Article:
Edward Gerald Devine

August 13, 1943 ~ January 29, 2021 (age 77)


DEVINE, Edward Gerald
August 13, 1943 - January 29, 2021

It is with great sadness that we announce the passing of Edward Gerald Devine. He died at home, surrounded by his wife and children, overlooking their view of the ocean. Edward was born in Regina, Saskatchewan and spent his last years in Sechelt, B.C. He is survived by Anndee, his wife of fifty-three years; his four children: Michael (Lisa), Andrew (Giselle), Carolyn De Voest (Rik), Alison Smith (Garvan); and nine grandchildren: Sofia, Francesca, Jack, Gabriela, Naomi, Morgan, Ava, Georgia, and Declan. He is also survived by his sister Patty Huschilt and many nieces and nephews. Ed was predeceased by his parents Gerald and Genevieve Devine, and his sister Carole Rose.

Ed grew up in Edmonton, Alberta, attending St. Andrew’s School and St. Joseph’s High School. He loved sharing stories of his early jobs: delivering papers for the Edmonton Journal, delivering prescriptions for Tamblyn Drugs, and bagging groceries at Safeway. He also loved to recount his days playing high school football, being one of the captains of his team and winning the 1960-61 championship. He enjoyed playing hockey, skiing, and recanting his part in becoming the infamous Grade 7 volleyball champions (although the legitimacy of this claim has never been verified).

Moving to Vancouver to attend Simon Fraser University, Ed earned a degree in Economics. This was followed by a year of law at the University of British Columbia, before embarking on a forty-plus year career at Baker and Taylor Publisher Services. He relished telling a good story and always engaged people in conversation. He was interested to know who they were, where they came from and what they did. This curiosity and ‘gift of the gab’ facilitated his success in the book business. His clients were universities, high schools, elementary schools and bookstores across Canada and the Western U.S. He made many lifelong friends along the way. He always took pride in being asked to present at library conferences and university classes across the country.

He reminisced of idyllic years, from cherished childhood vacations spent at B-Say-Tah Point in the Qu’Appelle Valley in Southern Saskatchewan, to over sixty summers at Grandview Beach on Pigeon Lake, Alberta. Ed treasured his Alberta roots and he and Anndee returned to Pigeon Lake, to the Devine cabin, every summer, with his children and grandchildren, to embrace lake life and enjoy this special time with friends and extended family. His grandchildren are now the fourth generation to share the lake experience.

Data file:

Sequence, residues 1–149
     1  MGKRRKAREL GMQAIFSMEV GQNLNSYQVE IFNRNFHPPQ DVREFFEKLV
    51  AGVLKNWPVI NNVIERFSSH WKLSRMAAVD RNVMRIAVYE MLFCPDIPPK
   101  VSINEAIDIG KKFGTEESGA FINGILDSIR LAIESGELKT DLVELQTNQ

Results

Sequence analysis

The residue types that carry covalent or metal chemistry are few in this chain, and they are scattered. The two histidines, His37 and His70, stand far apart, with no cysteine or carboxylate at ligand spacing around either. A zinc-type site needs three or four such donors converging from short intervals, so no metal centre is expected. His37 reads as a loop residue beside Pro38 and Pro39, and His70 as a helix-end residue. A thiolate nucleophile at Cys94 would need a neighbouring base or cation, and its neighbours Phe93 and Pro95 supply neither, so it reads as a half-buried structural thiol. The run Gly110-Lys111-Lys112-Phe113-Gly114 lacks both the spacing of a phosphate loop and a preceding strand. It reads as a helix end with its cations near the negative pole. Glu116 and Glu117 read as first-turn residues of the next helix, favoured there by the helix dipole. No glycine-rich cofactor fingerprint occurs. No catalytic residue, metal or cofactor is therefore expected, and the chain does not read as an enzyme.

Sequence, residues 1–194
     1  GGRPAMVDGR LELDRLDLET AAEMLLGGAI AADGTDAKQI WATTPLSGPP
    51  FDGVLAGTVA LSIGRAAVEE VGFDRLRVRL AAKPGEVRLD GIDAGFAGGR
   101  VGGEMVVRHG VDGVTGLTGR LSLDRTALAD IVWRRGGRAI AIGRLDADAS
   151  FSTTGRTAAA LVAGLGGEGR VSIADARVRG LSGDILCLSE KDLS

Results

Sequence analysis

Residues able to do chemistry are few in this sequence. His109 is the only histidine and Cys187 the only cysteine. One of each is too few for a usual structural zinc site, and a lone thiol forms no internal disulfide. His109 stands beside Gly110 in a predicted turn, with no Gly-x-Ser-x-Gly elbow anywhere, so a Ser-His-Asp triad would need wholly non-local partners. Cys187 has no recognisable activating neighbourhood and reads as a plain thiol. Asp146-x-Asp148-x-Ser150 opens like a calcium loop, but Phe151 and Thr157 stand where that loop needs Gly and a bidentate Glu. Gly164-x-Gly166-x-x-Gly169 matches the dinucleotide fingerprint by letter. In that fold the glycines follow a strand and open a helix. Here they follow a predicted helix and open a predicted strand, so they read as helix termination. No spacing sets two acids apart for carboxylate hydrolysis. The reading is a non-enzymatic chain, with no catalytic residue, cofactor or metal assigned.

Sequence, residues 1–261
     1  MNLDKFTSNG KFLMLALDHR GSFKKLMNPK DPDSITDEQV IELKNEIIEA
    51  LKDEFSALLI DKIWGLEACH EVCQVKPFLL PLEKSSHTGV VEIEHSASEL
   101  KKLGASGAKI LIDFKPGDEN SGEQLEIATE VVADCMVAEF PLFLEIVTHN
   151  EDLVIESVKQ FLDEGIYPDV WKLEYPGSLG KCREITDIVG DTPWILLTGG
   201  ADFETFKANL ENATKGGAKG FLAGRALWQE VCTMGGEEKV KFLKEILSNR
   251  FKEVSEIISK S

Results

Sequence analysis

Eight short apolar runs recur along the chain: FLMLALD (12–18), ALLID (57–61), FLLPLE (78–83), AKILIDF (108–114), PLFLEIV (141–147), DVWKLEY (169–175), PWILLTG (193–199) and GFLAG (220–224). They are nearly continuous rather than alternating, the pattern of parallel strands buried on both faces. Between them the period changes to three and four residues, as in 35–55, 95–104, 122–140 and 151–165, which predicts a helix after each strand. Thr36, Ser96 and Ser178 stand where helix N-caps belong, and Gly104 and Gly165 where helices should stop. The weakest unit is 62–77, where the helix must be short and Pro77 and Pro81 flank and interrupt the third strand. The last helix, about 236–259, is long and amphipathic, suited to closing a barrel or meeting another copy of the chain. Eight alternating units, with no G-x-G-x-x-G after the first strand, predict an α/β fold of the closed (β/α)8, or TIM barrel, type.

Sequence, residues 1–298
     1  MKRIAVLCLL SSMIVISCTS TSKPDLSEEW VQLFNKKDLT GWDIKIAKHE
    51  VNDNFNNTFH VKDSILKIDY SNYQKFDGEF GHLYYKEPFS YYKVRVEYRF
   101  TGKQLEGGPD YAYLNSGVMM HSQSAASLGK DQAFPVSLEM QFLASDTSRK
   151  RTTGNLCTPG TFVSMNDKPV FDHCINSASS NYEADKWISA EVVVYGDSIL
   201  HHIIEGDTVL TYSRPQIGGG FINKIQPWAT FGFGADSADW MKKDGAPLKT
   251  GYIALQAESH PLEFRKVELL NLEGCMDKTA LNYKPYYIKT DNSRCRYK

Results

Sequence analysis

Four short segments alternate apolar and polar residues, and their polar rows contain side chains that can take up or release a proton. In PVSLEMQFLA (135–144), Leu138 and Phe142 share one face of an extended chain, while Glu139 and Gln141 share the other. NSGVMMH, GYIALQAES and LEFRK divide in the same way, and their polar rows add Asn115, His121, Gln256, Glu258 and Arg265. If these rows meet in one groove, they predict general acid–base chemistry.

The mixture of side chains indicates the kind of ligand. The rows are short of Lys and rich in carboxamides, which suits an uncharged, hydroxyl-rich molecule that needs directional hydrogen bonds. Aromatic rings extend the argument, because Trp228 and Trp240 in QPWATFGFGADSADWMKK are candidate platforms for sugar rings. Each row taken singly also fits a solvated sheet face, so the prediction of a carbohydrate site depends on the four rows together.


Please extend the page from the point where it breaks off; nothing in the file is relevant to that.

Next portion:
Ed and Anndee have enjoyed travelling and cruising throughout the world. After raising their family in North Vancouver, Sechelt and Palm Springs became their new homes. They spent their winters enjoying the sun and special friendships, biking, golfing and embracing desert life.

Papa Ed taught his children and grandchildren that family comes first and his life was committed to that ideal. He always encouraged them to aim for the stars and to take risks, with the assurance that family will be there for you if needed. He was larger than life, full of love and laughter and always ready to dance! Our time with him was too short and he remains forever in our hearts.

Having spent his adult life in the company of books, it seems especially appropriate to honour Ed with a quote from “The Library Book” by Susan Orlean… “ In Senegal, the polite expression for saying someone died is to say his library burned. When I heard the phrase, I didn’t understand it, but over time I came to realize it was perfect. Our minds and souls contain volumes inscribed by our experiences and emotions, each individual’s consciousness is a collection of memories we have catalogued and stored inside us, a private library of a life lived. It is something that no one else can entirely share, one that burns down and disappears when we die. But if you take something from that internal collection and share it with one person or with the larger world, on a page or in a story, recited, it takes on a life of its own.”

Our family would like to express our gratitude to Dr. John Sloan and nurse Aili Dawson, who supervised and guided us through Ed’s peaceful passing at home.

In lieu of flowers, we ask that donations be made in Ed’s name to Literacy for Children, Friends of the Library or your local library.


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